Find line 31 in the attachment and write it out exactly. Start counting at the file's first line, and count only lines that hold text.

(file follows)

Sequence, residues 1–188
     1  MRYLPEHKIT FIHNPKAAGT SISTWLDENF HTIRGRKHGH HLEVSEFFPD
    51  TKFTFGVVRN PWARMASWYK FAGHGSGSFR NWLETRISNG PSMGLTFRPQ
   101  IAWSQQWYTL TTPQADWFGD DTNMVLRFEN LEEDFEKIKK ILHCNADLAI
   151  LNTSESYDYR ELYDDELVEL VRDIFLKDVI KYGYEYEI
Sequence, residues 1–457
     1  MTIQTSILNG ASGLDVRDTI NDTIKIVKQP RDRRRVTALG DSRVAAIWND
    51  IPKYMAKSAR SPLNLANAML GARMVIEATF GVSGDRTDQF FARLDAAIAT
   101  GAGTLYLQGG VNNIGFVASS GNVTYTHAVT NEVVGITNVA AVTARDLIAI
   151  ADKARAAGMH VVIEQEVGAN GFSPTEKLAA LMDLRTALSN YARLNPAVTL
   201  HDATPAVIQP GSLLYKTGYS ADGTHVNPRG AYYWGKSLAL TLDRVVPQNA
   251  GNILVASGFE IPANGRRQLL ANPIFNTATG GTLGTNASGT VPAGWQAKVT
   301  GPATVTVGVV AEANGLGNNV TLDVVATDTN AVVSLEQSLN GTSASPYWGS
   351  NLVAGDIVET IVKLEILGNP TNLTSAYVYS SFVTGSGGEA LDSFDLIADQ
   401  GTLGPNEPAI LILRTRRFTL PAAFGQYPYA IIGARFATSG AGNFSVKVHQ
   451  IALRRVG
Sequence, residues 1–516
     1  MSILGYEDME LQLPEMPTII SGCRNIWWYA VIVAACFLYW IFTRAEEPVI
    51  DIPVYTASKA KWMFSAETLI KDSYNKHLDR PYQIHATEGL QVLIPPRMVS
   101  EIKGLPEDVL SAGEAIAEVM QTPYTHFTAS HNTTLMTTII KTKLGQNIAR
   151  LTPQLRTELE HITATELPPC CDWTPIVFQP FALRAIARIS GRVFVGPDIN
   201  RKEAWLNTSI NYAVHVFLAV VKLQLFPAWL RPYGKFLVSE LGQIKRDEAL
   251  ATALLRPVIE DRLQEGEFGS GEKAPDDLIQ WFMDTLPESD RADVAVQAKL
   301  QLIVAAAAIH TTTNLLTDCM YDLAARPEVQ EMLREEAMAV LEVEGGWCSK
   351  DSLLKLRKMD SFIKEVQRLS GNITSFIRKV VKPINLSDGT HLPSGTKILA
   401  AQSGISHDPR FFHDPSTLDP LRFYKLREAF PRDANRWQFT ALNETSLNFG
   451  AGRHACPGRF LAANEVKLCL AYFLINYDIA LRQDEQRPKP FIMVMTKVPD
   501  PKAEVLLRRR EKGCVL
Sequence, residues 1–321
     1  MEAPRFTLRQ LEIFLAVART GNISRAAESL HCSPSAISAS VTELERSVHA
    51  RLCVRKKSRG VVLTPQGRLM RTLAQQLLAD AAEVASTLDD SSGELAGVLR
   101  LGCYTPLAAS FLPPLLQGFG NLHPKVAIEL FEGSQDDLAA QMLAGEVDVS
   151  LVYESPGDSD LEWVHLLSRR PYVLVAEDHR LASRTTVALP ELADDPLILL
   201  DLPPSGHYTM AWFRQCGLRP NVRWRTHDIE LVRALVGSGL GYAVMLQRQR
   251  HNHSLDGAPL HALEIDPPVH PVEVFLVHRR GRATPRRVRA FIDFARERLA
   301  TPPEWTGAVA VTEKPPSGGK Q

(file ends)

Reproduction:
    51  RLCVRKKSRG VVLTPQGRLM RTLAQQLLAD AAEVASTLDD SSGELAGVLR